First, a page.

The Minor Arcana have the card name and a one word meaning in the bottom border. The meanings are fairly similar to those in the Waite deck, though there is a slight tendency to focus on the more positive aspects of some cards. For example, the Ten of Swords is called "Rebirth," and the Five of Staffs is called "Empowerment." The majority of the images are original, though some cards, like the Five of Chalices and Eight of Vesicas, the Nine of Staffs, and the two of Swords, do resemble the work of Pamela Colman-Smith. Those familiar with the Waite deck should have little trouble making the transition.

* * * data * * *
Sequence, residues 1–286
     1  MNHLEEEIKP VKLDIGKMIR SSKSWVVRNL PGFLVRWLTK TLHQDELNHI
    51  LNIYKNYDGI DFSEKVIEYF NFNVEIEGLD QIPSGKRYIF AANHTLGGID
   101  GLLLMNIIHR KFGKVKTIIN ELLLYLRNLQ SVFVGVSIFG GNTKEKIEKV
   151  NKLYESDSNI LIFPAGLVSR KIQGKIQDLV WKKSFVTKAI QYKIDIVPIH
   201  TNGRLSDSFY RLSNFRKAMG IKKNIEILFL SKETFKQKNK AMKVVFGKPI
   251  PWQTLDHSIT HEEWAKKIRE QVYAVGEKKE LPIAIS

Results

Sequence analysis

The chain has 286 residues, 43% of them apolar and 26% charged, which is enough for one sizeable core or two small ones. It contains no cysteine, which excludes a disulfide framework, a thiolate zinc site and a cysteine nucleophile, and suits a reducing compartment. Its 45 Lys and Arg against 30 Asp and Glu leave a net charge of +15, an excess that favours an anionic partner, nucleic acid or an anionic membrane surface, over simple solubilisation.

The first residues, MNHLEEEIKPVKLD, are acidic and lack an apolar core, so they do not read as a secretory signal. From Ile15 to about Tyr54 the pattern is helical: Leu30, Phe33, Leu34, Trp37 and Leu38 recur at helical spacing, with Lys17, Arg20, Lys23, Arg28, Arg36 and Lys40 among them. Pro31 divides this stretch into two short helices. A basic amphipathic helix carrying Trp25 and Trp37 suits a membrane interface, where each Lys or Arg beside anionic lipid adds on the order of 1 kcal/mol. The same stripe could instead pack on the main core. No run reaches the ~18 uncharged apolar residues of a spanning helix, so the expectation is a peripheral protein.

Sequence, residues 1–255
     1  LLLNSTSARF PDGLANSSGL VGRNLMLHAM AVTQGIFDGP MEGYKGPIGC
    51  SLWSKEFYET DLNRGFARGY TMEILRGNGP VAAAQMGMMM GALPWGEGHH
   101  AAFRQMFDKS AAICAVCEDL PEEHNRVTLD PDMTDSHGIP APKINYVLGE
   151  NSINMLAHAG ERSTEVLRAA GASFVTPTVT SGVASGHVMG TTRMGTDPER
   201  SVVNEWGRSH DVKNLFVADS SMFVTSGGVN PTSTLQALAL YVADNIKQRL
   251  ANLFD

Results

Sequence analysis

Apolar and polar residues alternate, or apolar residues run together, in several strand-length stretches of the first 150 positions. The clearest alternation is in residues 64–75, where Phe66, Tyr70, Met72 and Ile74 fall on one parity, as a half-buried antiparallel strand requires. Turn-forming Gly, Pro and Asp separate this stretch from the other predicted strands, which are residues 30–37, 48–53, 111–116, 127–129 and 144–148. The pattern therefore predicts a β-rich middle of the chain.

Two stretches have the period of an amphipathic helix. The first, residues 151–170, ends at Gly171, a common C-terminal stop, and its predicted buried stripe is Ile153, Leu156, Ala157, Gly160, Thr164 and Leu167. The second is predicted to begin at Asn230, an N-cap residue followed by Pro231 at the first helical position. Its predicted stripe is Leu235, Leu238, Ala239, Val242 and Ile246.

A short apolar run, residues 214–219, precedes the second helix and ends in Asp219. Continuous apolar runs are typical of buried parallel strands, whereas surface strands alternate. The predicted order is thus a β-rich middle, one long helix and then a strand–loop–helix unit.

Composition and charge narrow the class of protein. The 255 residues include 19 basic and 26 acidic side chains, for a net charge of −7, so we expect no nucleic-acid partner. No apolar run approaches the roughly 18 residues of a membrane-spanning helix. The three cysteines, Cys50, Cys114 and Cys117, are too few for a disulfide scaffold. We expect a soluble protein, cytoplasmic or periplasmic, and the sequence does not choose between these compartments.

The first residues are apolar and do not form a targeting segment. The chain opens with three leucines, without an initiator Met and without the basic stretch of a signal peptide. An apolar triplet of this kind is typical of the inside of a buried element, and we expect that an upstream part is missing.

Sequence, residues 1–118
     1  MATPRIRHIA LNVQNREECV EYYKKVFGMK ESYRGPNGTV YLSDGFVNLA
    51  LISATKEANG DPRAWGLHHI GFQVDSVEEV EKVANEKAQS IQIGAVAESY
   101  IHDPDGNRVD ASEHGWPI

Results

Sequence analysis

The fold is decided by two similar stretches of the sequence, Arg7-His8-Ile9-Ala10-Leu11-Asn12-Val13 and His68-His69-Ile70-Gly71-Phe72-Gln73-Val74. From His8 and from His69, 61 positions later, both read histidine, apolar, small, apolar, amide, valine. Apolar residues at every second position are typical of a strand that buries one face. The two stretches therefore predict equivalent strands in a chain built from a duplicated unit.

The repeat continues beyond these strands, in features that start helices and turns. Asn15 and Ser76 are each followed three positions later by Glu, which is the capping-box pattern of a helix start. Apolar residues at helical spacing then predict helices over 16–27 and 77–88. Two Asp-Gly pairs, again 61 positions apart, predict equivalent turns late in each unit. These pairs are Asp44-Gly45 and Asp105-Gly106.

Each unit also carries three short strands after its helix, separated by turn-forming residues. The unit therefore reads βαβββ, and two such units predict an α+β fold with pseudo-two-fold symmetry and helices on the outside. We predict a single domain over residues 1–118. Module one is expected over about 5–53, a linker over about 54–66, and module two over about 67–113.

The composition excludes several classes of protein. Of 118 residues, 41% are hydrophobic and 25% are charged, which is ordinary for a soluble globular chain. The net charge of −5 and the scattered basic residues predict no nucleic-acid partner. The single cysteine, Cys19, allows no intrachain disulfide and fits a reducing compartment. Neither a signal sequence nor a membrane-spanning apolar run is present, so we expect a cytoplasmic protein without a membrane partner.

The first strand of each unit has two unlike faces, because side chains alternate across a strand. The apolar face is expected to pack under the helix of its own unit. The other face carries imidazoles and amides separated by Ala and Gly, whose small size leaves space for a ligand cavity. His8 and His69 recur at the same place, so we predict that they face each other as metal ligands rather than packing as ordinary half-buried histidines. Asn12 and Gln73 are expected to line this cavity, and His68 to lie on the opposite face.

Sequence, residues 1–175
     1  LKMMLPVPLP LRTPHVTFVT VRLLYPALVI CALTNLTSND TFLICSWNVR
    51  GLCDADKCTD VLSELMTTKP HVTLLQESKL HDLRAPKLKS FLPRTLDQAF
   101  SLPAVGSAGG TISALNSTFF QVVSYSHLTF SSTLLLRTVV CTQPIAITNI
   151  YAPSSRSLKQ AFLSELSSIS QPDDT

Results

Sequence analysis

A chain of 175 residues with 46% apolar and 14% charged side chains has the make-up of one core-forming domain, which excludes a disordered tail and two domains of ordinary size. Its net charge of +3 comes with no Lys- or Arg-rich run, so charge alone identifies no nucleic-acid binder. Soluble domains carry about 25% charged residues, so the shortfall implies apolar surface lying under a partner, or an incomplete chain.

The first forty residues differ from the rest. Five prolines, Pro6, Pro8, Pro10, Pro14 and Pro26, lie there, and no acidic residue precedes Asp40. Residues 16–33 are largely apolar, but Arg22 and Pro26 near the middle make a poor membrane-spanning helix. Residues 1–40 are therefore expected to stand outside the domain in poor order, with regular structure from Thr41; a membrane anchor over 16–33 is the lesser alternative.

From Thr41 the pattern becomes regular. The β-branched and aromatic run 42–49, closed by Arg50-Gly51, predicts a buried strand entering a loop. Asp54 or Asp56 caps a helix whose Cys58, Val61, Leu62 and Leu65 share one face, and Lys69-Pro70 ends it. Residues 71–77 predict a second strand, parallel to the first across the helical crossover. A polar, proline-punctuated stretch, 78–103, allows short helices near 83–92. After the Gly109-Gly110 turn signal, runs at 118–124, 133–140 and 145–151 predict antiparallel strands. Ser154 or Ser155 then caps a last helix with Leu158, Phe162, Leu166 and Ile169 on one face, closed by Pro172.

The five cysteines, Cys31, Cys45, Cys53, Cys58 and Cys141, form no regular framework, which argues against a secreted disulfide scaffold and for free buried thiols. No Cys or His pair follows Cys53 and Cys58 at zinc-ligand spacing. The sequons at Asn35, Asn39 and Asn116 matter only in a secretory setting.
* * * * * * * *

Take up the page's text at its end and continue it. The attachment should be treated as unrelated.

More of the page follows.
The book written for this deck is one of the better books I have seen for a theme deck. It is well researched, and provides information about the legends, people and places that people this deck. Paganism, Christianity and the Arthurian legend all play a major role in the history of this area and each is represented in this deck. The foreword was written by John and Caitlin Matthews. It is a wonderful short piece that describes the deck as a walk through Glastonbury, and illustrates this point by means of one of the spreads provided in the book. The Introduction provides some background information on Glastonbury and the cards themselves. Chapter One - Meeting the Tarot, is a brief overview of the structure of the Tarot deck and the four suits and their elements. Chapter Two - How to Use Your Tarot Cards provides information on reading the cards. Seven spreads are described, including the three card Past, Present and Future Spread and the Celtic Cross. There are two relationship spreads, including one for couples. The Major Arcana is the next section of the book. Each card description begins by telling the story of the legend associated with the card. A section describing the image is next, followed by the section that gives the divinatory meaning. The section on the Minor Arcana provides a description of the image and the divinatory meaning. Many of the background scenes depict sites of historic interest. The divinatory meanings are based on Waite, even though the images often differ. As previously pointed out, there is a slight emphasis on the positive.  However, the meanings are not "fluffy" or overly positive. The author's personal viewpoint is evident but not overbearing. The meanings usually explain how the card relates to the previous card in the suit. There are no reversed meanings given. The artist used color and other symbols and she explains how she used them them when applicable.  Her writing is clear and easy to follow. The Bibliography lists a wide variety of books, mostly about Glastonbury and the Arthurian/Grail Legends, so if you wanted to do further research, you could.